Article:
Monday, January 30, 2017
True, Berejiklian, like Baird before her, came to public office from a job in banking, rather than a post-uni career as a political apparatchik, though she did spend time as a ministerial staffer. Baird didn't even have that.
Politics is becoming a priesthood – a lifetime calling, culminating in elected office – with ever fewer politicians having spent most of their lives working in a normal job with normal people.
I doubt we're better governed under this development.
One thing making NSW different from other states is that, until Baird's resignation, it was a state governed by former bankers: premier, treasurer and Treasury secretary Rob Whitfield, shipped in after a 29-year career as a deal maker at Westpac.
With Baird gone, NSW may seem one banker down. Except that Berejiklian's successor as Treasurer, Dominic Perrottet, was a solicitor specialising in "banking restructuring".
I suppose one good thing about having a government dominated by bankers is they can be relied on to keep the budget shipshape. They'd be the last pollies to send us bankrupt.
Indeed, Berejiklian's proudest boast is that the NSW government (narrowly defined) is now debt free.
But is that the highest achievement of a government? You'd expect bankers to know better than to regard an institution like NSW without any debt as a joy to behold.
What about all the infrastructure the state still needs? Why boast about having no debt at time when debt is exceptionally cheap and governments' size and taxing powers make them ideally placed to borrow?
Though the fashionable fatwa against debt is atypical of bankers, what it does reveal is a weak grasp on the tenets of economics.
It's a mistake to imagine bankers and economists think alike. That's been my greatest reservation about the financially virtuous Baird government and my greatest fear about its Berejiklian successor.
Its only leading light who can be counted on to have a better grasp on the ways the powers and obligations of governments differ from those of a business is the secretary of the Premier's Department, Blair Comley, a former top federal Treasury officer.
Historically, state governments have had responsibility for owning a lot of profitable businesses, which have been government-owned only because they're natural monopoly networks – electricity, gas and water – as well as managing huge service-delivery organisations: public transport, roads, hospitals, schools and prisons.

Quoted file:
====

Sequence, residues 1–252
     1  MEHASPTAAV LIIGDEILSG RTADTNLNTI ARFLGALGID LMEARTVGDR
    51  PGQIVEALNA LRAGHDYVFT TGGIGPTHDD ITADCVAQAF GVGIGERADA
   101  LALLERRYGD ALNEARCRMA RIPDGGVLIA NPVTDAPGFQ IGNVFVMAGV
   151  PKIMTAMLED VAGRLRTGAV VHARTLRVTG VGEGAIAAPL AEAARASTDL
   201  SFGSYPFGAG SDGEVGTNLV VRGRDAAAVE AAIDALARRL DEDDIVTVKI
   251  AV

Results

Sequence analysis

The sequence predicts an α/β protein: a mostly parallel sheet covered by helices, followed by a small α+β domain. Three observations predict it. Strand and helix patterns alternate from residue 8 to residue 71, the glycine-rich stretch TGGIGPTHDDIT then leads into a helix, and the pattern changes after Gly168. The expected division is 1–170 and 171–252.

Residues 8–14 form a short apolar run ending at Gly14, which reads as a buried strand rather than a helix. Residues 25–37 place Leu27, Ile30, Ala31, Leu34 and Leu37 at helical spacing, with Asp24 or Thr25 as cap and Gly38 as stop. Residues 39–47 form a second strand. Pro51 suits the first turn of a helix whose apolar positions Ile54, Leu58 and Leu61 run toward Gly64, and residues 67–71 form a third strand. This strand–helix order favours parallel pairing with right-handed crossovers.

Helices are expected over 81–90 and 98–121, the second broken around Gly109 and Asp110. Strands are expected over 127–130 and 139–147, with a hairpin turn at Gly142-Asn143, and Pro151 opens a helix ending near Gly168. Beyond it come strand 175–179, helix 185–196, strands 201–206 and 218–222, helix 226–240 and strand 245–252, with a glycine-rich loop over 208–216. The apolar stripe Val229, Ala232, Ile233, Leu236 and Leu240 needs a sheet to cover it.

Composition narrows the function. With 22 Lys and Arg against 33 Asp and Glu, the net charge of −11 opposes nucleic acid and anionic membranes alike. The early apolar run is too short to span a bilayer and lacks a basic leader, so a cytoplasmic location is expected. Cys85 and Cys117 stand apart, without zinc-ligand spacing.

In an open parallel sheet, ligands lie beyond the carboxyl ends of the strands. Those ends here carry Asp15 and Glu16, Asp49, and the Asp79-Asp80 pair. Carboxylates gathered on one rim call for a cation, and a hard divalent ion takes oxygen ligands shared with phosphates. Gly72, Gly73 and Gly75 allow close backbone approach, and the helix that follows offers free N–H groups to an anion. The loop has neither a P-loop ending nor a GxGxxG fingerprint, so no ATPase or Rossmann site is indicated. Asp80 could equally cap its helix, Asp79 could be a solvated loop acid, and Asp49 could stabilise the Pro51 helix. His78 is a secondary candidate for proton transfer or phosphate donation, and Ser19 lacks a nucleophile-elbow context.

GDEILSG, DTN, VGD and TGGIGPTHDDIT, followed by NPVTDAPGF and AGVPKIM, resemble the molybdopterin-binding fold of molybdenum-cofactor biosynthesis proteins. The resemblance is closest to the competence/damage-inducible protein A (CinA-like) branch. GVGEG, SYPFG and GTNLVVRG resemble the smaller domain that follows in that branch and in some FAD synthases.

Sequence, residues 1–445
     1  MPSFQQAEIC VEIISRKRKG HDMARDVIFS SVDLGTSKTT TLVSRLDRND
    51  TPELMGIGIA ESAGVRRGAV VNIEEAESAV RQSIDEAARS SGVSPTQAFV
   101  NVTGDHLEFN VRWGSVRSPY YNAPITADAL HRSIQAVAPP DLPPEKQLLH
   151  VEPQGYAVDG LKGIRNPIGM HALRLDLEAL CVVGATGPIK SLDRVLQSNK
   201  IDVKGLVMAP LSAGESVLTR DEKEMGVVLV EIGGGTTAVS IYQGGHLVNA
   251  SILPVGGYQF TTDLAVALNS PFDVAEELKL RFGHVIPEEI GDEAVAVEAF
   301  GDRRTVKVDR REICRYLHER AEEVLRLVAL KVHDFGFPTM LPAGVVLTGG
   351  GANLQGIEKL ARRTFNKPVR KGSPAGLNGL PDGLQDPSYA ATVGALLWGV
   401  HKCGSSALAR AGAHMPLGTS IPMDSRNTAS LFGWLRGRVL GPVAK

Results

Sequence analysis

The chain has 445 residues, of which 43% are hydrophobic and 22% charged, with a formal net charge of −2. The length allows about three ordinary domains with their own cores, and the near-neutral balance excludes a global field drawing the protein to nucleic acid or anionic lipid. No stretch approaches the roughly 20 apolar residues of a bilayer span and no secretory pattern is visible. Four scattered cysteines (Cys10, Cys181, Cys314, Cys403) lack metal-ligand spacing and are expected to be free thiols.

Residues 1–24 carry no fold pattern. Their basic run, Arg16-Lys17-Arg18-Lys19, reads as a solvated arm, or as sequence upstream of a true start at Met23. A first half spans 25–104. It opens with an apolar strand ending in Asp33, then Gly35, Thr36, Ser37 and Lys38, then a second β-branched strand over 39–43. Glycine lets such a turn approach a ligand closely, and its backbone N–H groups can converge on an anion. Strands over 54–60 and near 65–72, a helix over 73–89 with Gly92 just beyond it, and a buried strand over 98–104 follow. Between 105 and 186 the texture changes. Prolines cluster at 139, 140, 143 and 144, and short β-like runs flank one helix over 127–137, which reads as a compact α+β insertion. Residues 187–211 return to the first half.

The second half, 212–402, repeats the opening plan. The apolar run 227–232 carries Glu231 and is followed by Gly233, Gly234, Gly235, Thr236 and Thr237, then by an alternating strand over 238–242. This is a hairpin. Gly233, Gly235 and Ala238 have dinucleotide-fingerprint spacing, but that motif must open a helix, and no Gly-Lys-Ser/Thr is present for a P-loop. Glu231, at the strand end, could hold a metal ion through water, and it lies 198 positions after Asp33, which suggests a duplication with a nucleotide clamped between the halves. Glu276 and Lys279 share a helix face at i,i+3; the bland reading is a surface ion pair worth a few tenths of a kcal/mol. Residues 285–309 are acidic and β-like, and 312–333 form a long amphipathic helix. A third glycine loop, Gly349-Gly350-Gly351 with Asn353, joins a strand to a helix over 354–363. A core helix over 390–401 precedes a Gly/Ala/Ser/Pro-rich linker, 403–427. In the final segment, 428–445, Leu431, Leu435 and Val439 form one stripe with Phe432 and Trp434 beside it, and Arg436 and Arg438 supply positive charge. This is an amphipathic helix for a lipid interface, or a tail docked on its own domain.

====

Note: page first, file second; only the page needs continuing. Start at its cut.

This has led to the common notion that running a state government is pretty much about running a collection of businesses. The main thing you need is efficiency.
First, where governments deliver services with "public good" characteristics – services whose supply would be insufficient if customers had to pay market prices – the quality of the service, reflecting the multiple objectives in supplying it, is just as important as the cost of supplying it.
Second, when you're owning – or selling – a profitable business, profit should never be maximised at the expense of the wider community. You have to take an "economy-wide" perspective.
I fear a banker-dominated government is too likely to adopt a simple, business approach towards an endeavour that that has much wider objectives and obligations; to see the state budget as akin to a business's profit and loss account – as an end in itself rather than just a means to an end; to imagine that maximum benefit to the state's finances equals maximum benefit to people of the state and their economy.
Every instinct of a deal-making banker tells them the object of the exercise is to privatise a business for the highest price possible, this being in the best interests of taxpayers.
You do this by packaging the business up with government-conferred competitive advantages.
But this comes at the disadvantage of taxpayers-as-customers of the business, any present or potential private competitors, and business customers of the privatised business.
Rod Sims, boss of the Australian Competition and Consumer Commission, has been highly critical of the NSW government's privatisation of its ports which, of course, enjoy a degree of geographic monopoly.
I supported privatisation of NSW's electricity "poles and wires" mainly because ownership of a key natural monopoly presented the government with too much temptation to look the other way while its trading enterprises fattened their profits by gouging their customers.
Damaging the state's economy in the interests of improving the state government's finances is something only an ill-educated banker could think was a good idea.